“Am I Covered?”


No one likes to think about experiencing a fire, earthquake, theft or even an accidental breakage, but unless you know the limitations of your insurance policy, your loss may be compounded by the discovery that your insurance company won’t provide you with any compensation. Here, then, are a few questions you need to know the answers to:

Q. – In regards to my antiques, what does my standard Homeowner’s Policy cover?

A. – In the event of a catastrophic event that destroyed your entire home and its contents, your personal property is typically covered up to a percentage of the listed value of the home. If your home is insured for $300,000 with a 50% personal property limit, then you would receive a check for $150,000 to cover everything inside the house, from appliances and clothing to antiques and memorabilia.

Under a standard Homeowner’s Policy, if you have an antique that is stolen or destroyed without inclusion in a secondary Fine Arts Policy, then the burden of proof lies entirely on you as the homeowner. If you have “replacement cost coverage” in your standard Homeowner’s Policy, you have to produce documentation to prove that (1.) you owned the piece and (2.) its actual value. This would be in the form of receipts, photographs and a written appraisal made prior to the incident.

If the adjustor does not feel you have presented adequate documentation, you will not receive full replacement value.

Q. – How much would a Fine Arts Policy cost me?

A. – The cost of coverage will vary according to where you live and what kind of dwelling you have, but a typical Fine Arts Policy for antiques can cost as little as $6 per $1000 of coverage per year. In other words, it might cost you $18 to insure a $3000 Grueby vase.

Q. – Does it cover all of my antiques?

A. – Only those listed, described and assigned a value on the Fine Arts Policy would be insured.

Q. – Do I have to get an appraisal of each item I list?

A. – Most insurance companies only require a written appraisal for items valued at more than $10,000.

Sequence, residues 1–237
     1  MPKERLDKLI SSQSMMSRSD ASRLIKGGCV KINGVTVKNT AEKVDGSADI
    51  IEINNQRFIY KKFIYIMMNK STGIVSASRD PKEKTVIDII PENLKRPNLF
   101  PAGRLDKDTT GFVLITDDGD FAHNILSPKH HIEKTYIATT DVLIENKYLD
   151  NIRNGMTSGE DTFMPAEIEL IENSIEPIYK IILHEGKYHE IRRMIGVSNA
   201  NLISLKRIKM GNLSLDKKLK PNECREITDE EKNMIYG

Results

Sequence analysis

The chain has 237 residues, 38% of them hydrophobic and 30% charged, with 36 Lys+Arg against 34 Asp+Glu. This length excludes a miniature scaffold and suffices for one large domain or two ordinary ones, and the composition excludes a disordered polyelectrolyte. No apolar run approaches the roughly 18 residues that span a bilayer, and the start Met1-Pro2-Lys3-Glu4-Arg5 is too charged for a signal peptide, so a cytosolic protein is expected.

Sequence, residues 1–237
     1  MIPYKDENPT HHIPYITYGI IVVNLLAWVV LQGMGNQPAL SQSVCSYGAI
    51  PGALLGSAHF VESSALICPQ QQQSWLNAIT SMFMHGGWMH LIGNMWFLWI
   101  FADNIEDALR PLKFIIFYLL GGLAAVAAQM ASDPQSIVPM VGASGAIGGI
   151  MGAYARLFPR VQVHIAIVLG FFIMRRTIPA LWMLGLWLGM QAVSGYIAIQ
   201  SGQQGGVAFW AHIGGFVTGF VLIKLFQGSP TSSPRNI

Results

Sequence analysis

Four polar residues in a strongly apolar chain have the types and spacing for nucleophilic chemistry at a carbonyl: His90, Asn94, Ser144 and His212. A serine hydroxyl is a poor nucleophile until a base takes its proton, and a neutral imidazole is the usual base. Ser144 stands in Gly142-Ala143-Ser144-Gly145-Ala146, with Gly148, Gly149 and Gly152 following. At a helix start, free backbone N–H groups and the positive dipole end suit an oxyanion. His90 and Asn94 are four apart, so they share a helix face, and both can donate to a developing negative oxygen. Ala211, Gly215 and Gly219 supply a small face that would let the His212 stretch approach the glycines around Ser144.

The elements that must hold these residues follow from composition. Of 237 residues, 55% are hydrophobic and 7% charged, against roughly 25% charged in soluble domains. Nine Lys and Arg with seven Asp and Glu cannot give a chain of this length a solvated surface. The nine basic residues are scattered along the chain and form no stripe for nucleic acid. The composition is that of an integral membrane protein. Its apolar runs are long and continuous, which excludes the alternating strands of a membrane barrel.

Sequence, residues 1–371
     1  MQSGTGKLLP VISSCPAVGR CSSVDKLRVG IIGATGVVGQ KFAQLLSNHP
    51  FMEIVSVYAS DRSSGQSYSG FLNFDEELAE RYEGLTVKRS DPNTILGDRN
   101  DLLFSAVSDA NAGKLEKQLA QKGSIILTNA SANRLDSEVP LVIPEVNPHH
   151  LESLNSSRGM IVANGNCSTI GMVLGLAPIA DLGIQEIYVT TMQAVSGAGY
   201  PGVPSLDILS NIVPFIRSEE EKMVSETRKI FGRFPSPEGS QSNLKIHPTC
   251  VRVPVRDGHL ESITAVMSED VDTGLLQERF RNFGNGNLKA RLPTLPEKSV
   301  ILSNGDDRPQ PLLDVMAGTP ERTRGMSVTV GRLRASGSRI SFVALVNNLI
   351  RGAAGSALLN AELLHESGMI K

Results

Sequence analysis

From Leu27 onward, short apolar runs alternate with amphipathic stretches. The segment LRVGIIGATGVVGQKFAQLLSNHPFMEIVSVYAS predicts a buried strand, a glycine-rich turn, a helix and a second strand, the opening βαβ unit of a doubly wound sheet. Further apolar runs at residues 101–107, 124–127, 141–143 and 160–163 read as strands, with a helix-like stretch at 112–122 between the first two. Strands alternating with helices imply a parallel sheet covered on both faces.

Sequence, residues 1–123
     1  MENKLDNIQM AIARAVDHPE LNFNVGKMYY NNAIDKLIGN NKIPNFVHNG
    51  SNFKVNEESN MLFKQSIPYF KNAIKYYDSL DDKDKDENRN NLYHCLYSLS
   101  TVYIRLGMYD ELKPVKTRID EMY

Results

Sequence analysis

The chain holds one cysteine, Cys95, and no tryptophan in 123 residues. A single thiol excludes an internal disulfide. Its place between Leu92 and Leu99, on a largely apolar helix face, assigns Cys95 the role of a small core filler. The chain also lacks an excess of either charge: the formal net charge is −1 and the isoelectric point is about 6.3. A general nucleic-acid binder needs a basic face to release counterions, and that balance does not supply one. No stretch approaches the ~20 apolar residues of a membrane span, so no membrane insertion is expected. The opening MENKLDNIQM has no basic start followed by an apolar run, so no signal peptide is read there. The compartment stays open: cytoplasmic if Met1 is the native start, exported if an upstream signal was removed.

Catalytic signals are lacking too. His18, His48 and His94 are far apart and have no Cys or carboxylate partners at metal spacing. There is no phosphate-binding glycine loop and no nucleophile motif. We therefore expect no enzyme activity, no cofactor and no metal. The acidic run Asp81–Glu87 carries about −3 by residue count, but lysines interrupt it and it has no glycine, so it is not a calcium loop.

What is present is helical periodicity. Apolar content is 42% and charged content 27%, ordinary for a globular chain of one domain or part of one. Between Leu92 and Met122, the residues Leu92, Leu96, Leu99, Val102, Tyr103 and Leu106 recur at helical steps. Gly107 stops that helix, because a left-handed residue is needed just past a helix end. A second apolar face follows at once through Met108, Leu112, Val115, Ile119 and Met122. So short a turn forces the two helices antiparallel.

Q. – Would my Fine Arts Policy cover antiques damaged by an earthquake, flood, fire, theft or accident?

A. – If the policy states that it is an “all peril, all risk” Fine Arts Policy, then it would include damage from everything from earthquakes and floods to fire, theft and accidental breakage.

Q. – How much am I actually paid for each item?

A. – Under the terms of a Fine Arts Policy, once the insurance company and the homeowner have signed an “agreed value” policy, then the insurance company will pay 100% of the listed value for any item on the Fine Arts Policy.

Q. – Is there a deductible subtracted from the listed value?

A. – Typically, no, but you may be able to reduce your premium cost by agreeing to a deductible amount.

Q. – How often should I review my policy?

A. – If values are rising rapidly, you should review your policy every year when it comes up for renewal. Never let it go beyond five years without checking the values — and to make sure that you’re not still paying insurance on something you have sold.

Note: If you are an antiques dealer and travel to shows, you need to clarify your coverage with your insurance agent on items removed from your home. Not all company policies are the same, so get to know your policy before you find yourself filing a claim.

Additional note: If you are moving, get clarification from your insurance agent on whether or not your Fine Arts Policy remains in effect during the moving process.

Suggestion: Print this page, call your agent, and ask him/her for the answers to these questions. You may be surprised at what you learn.

– Bruce